This article discussed the industrial hygiene and emergency response aspects of H2S from an offshore drilling perspective. It underscores the importance of planning early for H2S operations and advocates the use of engineering controls in order of priority. The article also discussed administrative controls, including key elements of a respiratory protection program and H2S contingency plan and discussed the respiratory protection equipment that is typically selected and used in offshore H2S areas.

Article References:

  • Agency for Toxic Substances and Disease Registry (2006). Toxicological Profile for H2S. Division of Toxicology and Environmental Medicine, US Department of Health and Human Services, Atlanta, GA.30341.
  • American Conference of Governmental Industrial Hygienists, (2009). TLVs for Chemical Substances and Physical Agents and Biological Exposure Indices, ACGIH, Cincinnati, OH.
  • API RP 49 (March 2007). Recommended Practice for Drilling and Well Servicing Operations Involving H2S, API Publishing Services, Washington DC 20005.
  • Canadian Association of Petroleum Producers (Dec 2005). Use of International Standard NACE MR0175/ISO 15156 – Materials for Use in H2S Containing Environments in Oil and Gas Production.
  • DOT 49 CFR 178, Subpart C, Shipping Container Specifications (2009).
  • Occupational Safety and Health Administration.
  • 29 CFR 1910.38 Employee Emergency Action Plans and Fire Prevention Plans.
  • 29 CFR 1910.120 Hazardous Waste Operations and Emergency Response Standard.
  • 29 CFR 1910.134 Respiratory Protection Standard.
  • 29 CFR 1910.1000 Air Contaminants.
  • 29 CFR 1910.1200 Hazard Communication Standard.
  • UK Offshore Operators Association Limited (1985). Guidelines for Detection and Control of Hydrogen Sulphide During Offshore Drilling Operations, UKOOA, Aberdeen, UK.
  • Wylie, Douglas N. and Elias, John D. (2000). Adjustment of TLVs to Accommodate Specific Conditions in the Workplace, Conference Proceedings, Industrial Accident Prevention Association, Toronto, ON, Canada.

12 Comments For This Post

  1. Abel Peneil Says:

    Iam so interested to study more of the drilling safety and I request that you send me all the training modules, all drill safety modules to me on the cost please.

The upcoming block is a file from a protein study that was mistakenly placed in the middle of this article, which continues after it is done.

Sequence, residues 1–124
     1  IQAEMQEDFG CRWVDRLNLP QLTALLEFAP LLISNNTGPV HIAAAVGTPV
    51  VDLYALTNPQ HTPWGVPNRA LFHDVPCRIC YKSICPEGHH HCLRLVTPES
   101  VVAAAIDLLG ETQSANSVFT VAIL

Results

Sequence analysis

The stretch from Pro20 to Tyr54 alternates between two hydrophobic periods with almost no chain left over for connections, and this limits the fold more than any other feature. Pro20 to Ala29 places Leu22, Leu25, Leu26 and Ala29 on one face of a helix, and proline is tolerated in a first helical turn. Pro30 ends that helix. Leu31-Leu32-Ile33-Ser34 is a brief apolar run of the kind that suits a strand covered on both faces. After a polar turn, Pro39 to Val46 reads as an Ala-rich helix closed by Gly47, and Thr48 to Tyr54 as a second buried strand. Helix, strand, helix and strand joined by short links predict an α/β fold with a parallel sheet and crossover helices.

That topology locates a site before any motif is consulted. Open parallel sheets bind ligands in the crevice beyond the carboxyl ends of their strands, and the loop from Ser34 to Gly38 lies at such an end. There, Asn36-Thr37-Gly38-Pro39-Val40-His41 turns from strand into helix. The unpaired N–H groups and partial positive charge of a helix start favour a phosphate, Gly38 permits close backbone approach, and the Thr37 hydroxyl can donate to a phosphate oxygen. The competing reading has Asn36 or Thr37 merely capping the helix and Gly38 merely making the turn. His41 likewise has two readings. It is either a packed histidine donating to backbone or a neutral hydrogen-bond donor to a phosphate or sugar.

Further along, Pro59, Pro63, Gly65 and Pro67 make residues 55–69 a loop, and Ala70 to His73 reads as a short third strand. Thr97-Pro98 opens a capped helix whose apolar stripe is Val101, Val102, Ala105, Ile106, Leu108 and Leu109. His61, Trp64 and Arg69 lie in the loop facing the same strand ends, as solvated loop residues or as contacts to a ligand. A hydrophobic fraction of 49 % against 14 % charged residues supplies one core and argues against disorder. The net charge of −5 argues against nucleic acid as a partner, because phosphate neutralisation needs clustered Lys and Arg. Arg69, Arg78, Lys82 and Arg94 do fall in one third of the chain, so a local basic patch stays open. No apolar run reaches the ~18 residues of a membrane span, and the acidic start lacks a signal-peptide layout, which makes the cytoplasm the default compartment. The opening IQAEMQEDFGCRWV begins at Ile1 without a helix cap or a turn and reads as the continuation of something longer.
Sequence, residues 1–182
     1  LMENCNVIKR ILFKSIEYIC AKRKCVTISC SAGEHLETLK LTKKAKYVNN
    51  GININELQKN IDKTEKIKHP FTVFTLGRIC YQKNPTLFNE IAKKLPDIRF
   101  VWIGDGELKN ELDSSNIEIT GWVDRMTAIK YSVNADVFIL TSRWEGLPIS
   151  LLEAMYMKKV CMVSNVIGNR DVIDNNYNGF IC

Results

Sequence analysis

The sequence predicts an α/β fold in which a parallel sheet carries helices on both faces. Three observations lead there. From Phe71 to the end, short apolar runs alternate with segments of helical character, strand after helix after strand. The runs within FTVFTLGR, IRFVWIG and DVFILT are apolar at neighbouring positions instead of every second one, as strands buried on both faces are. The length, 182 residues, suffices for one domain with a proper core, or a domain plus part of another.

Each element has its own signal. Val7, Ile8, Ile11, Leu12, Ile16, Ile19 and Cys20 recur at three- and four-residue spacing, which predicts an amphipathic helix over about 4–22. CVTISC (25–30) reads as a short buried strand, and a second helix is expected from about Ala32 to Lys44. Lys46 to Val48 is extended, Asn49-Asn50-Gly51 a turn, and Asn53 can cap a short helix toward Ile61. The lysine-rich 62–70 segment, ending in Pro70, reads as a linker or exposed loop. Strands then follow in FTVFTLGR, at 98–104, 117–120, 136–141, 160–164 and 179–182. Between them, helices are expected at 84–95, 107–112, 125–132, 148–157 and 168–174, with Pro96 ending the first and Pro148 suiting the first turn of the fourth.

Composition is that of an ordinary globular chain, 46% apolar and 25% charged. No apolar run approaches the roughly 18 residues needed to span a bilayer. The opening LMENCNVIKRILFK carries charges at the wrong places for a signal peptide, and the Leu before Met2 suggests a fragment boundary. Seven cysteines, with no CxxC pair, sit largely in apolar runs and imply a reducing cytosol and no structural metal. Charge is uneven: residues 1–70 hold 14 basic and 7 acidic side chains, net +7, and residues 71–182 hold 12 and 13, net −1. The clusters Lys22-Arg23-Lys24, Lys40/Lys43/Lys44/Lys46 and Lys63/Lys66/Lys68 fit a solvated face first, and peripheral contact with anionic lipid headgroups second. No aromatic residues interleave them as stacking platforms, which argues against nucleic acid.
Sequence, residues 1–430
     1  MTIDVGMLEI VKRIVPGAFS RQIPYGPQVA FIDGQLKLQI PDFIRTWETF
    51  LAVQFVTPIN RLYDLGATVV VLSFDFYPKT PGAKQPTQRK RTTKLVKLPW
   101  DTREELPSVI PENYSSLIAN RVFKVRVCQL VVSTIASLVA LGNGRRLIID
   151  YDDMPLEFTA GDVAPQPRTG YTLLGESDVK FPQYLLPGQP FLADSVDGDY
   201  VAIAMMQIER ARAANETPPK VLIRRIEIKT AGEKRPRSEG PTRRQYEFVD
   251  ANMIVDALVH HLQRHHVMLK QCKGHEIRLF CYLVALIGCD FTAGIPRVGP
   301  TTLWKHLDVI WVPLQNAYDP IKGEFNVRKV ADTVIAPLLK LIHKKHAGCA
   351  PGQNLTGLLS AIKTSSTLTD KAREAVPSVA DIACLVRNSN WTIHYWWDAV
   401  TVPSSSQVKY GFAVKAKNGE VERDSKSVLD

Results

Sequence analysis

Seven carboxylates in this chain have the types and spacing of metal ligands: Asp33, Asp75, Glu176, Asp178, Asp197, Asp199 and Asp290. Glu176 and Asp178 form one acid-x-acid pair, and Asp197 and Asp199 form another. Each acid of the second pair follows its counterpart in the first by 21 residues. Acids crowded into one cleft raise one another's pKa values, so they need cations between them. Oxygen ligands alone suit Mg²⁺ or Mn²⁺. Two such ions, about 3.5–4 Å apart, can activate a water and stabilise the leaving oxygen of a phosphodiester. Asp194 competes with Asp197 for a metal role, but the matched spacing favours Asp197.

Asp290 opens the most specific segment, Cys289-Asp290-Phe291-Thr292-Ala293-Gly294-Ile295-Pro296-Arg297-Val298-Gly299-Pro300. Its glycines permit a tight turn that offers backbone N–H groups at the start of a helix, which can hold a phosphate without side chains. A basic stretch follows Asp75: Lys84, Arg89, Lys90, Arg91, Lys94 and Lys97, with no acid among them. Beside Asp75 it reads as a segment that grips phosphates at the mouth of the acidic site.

Thankyou,
    Abel Peniel

  2. viso Says:

    kindly send me the drilling safety manuals and I request that you send me all the training modules, all drill safety modules to me .

  3. F Vega Says:

    Can you please advise on any regulation on the use of refuge chambers in case of an H2O release?

  4. Henry Ajoku Says:

    kindly send me the drilling safety manuals and I gratefully request that you send all the training modules including all drill safety modules to me .

  5. Ashok Says:

    Please share the drilling safety manuals and training modules.

  6. Chong Keng Says:

    A good and well rounded article on H2S safety. Very heartening to read and know that there are plenty of H2S safety experts around still.

    H2S awareness training videos are widely available on the internet but to be certified H2S-trained would have to be done through companies.

    Vega, for refuge chambers, it is dependent on the risk assessment and how secluded is the rig and also a list of various other factors.

  7. CRISTIAN TIGANUS Says:

    I am interested to study moore. Kindly send me the drilling safety manuals and I request that you send me all the training modules including all drill safety modules to me .

  8. Dennis Says:

    Can you please send me the procedure how to handle if h2s contaminated rig fluid arrives at your yard area in container. dctvm1@gmail.com regards very badly required

  9. Julio Pimentel Says:

    Very interesting article, Im very interesting in the drilling safety manuals and I gratefully request that you send all the training modules including all drill safety modules.

    Best Regards

    Julio

  10. Kicholas Gbordzor Says:

    This really is an interesting piece. Could you also send me the drilling safety manual and all the training modules. I believe they will be of immense help to me.

    Thanks a lot!
    Nick

  11. Charles Anthony Says:

    Do you have any information regarding air supplies to temporary refuges, methods such as pressurization air from a safe area (how to define the safe area) or provisions of bottled air for pressurization.

  12. Menno Says:

    Can you please send me the procedure how to handle if h2s contaminated waste (in supplyvessel) arrives in port.